Objective 1: Identify factors related to habitat suitability for Algonquin wolves and wildfire risk
Through the assessment of supplementary academic literature, the following factors were identified as important in assessing potential viable wolf habitats in Algonquin Provincial Park. The factor associated with wildfire risk to be used in subsequent objectives is also identified.
Factors Affecting Habitat Suitability
Factor 1: Distance from Water
Availability and accessibility of water resources is a fundamental requirement for the success of all living things. Home sites of wolves have historically been detected almost exclusively in close proximity to water (Joslin 1967). It has been observed that wolves preferentially select home sites near water bodies and/or close to wetlands (Benson, Mills and Patterson 2015). For wolves, several additional motives exist for the selection of den sites close to water. Pup survival rates have been positively correlated with proximity to prey species such as beavers, which primarily inhabit water courses (Benson, Mills and Patterson 2015). Based on these observations, close proximity to water ways provides an ideal location for viable habitat.
Factor 2: Distance from Roads
Roads play a significant role in the success of wolves. Research has shown that there is a negative relationship between roads and wolves as a result of human-induced road mortality (Mladenoff et al. 1999). It has been identified throughout relevant literature that Algonquin wolves, as well as multiple other wolf species throughout North America, tend to avoid areas with high road densities for den selection. More specifically, wolves favourably select den sites closer to tertiary roads and at greater distances from secondary and primary roads (Benson, Mills and Patterson 2015).
Factor 3: Land Cover
The availability of undeveloped and productive land suitable for wildlife habitat is continually declining as a result of disturbance from a variety of natural, climatic, and anthropogenic factors. Of the forested landscapes within Algonquin Provincial Park, certain types have been determined to be better suited to den establishment. Benson, Mills and Patterson (2015) concluded that conifer forests provide the best habitat, followed by wetlands, and then deciduous forests. Wolves establish dens in areas with significantly high proportions of pine and lower proportions of hardwoods (Norris, Theberge and Theberge 2002).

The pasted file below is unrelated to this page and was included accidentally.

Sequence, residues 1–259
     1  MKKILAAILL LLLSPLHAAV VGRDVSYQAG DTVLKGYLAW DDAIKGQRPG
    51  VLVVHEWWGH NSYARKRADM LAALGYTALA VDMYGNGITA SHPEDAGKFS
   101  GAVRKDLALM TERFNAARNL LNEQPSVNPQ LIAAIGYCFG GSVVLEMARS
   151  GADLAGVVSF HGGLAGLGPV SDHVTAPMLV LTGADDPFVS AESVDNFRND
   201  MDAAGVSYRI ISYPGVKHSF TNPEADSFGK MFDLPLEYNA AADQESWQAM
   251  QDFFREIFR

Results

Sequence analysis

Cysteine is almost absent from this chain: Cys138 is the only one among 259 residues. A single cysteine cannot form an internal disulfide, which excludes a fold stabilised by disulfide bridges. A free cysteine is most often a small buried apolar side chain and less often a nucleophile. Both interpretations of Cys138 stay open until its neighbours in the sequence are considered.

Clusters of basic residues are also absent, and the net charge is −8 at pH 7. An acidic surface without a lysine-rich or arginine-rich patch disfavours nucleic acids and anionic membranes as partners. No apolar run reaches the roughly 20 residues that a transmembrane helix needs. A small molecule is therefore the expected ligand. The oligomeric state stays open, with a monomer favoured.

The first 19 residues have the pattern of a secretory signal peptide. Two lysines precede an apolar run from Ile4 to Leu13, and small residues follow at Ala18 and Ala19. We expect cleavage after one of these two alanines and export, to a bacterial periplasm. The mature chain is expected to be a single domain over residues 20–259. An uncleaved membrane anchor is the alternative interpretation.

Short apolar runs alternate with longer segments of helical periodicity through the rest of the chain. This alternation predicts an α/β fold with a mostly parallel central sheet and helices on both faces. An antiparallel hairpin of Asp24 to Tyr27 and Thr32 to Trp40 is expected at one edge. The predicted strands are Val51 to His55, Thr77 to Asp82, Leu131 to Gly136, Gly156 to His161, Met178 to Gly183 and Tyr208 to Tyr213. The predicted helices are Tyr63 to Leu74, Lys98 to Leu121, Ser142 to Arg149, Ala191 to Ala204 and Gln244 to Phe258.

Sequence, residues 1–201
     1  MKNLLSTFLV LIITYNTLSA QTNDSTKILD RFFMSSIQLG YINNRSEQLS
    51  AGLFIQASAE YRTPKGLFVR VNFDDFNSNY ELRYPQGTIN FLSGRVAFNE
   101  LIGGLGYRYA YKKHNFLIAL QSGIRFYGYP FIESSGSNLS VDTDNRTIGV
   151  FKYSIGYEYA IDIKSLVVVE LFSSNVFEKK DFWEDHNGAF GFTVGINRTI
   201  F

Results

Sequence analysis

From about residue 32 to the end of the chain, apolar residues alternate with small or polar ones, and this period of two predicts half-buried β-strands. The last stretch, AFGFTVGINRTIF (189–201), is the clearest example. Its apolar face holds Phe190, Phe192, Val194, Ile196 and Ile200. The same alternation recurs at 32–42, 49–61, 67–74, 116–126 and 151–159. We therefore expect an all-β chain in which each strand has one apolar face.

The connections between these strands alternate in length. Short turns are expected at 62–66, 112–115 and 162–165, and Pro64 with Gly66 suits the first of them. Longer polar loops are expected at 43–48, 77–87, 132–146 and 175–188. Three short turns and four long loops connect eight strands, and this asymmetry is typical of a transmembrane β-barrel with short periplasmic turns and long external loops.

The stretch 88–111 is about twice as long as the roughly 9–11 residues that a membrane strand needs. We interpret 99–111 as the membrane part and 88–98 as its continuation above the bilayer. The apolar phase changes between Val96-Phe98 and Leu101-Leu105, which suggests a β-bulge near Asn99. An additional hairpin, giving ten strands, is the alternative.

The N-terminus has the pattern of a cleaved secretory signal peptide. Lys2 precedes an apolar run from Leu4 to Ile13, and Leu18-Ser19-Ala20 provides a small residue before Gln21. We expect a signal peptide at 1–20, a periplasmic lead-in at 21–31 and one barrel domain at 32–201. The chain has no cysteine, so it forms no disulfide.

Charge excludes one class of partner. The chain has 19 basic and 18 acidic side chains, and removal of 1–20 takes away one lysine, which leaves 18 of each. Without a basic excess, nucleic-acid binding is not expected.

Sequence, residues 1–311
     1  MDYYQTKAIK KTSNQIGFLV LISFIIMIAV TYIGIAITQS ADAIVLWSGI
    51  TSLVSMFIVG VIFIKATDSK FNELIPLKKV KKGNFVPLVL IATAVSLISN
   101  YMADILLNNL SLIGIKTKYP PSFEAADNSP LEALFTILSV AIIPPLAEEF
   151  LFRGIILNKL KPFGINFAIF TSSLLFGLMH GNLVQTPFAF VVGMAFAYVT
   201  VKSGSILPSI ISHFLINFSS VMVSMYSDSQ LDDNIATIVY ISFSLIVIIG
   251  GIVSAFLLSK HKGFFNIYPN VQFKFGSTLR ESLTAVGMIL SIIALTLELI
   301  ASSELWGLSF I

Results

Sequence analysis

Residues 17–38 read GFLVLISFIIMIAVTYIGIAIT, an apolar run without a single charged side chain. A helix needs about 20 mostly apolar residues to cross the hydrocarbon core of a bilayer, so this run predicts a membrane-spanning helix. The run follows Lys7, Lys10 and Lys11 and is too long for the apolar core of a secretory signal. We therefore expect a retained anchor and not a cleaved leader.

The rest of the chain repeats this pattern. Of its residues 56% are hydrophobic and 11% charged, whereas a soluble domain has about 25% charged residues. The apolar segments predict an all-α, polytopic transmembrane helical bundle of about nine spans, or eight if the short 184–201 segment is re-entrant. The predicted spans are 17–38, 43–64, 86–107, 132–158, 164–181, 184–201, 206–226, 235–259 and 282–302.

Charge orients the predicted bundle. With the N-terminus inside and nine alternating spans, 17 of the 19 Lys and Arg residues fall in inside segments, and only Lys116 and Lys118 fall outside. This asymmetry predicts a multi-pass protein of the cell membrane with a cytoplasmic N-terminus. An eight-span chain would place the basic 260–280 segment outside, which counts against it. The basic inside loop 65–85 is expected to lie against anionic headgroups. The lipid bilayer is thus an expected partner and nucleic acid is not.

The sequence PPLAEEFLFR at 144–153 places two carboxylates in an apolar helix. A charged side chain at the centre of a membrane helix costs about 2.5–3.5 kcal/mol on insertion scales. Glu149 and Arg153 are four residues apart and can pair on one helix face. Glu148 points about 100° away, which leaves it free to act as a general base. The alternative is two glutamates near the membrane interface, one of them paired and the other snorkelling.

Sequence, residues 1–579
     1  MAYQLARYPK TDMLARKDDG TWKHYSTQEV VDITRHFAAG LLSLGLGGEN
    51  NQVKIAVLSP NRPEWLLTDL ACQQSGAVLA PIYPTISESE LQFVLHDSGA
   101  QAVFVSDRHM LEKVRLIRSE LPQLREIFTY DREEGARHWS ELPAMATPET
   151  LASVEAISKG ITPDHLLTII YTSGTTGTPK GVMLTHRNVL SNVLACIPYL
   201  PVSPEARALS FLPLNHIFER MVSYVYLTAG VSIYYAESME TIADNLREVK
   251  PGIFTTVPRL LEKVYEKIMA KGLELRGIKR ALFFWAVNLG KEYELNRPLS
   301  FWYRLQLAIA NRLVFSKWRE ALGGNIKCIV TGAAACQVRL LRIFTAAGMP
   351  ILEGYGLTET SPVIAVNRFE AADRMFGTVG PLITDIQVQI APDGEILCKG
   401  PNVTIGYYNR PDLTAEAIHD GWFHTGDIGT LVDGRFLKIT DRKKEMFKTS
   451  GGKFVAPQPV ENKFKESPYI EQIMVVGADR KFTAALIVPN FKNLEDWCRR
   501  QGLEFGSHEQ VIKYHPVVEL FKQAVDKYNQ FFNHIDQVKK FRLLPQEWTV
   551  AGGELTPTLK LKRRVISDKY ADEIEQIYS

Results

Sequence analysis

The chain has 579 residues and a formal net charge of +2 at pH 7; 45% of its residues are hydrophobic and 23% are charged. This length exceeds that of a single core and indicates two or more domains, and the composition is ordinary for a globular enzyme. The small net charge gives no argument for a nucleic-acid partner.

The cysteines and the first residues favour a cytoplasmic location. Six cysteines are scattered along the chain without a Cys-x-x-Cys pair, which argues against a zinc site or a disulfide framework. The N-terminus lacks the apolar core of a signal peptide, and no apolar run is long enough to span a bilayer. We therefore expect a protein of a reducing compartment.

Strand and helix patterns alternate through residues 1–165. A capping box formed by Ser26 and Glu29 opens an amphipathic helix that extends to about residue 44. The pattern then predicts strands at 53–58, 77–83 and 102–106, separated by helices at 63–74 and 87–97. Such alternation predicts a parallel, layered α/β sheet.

Factor 4: Slope
According to Benson, Mills and Patterson (2015), wolves marginally selected steeper slopes to establish den sites, as excavation is facilitated on hills. Based on this research, regions with moderately higher slopes are more suitable for den site selection.
Factors Affecting Wildfire Risk
Factor 1: Hazardous Forest Types for Wildland Fire
Algonquin Provincial Park has a long history of forest fires resulting from both natural and anthropogenic causes (Cwynar 1977). Natural Resources Canada (2016) predicts a future increase in forest fires due to climate change, especially in the boreal forest. With increased risk for wildfire, there is an increased risk for suitable habitat loss for Algonquin wolves. Following fire and other disturbance, the abundance of canids (including wolves) generally decreases (Fisher and Wilkinson 2005). The Ministry of Natural Resources and Forestry (2014) proposes that certain forest (fuel) types are associated with moderate to extreme risks of wildland fire. Data are provided in raster format delineating wildfire risk in categories of extreme, high, moderate, low, and pine (needs evaluation) using the Canadian Wildland Fire Information System (Natural Resources Canada 2017). The fuel types associated with each risk are described in Table 1.
Based on this information, it is presumed that areas comprised of extreme and high-risk forest types are most susceptible to disturbance that would ultimately result in habitat loss. For the purpose of this study, this is assumed to be an accurate representation of fire risk in Algonquin Provincial Park.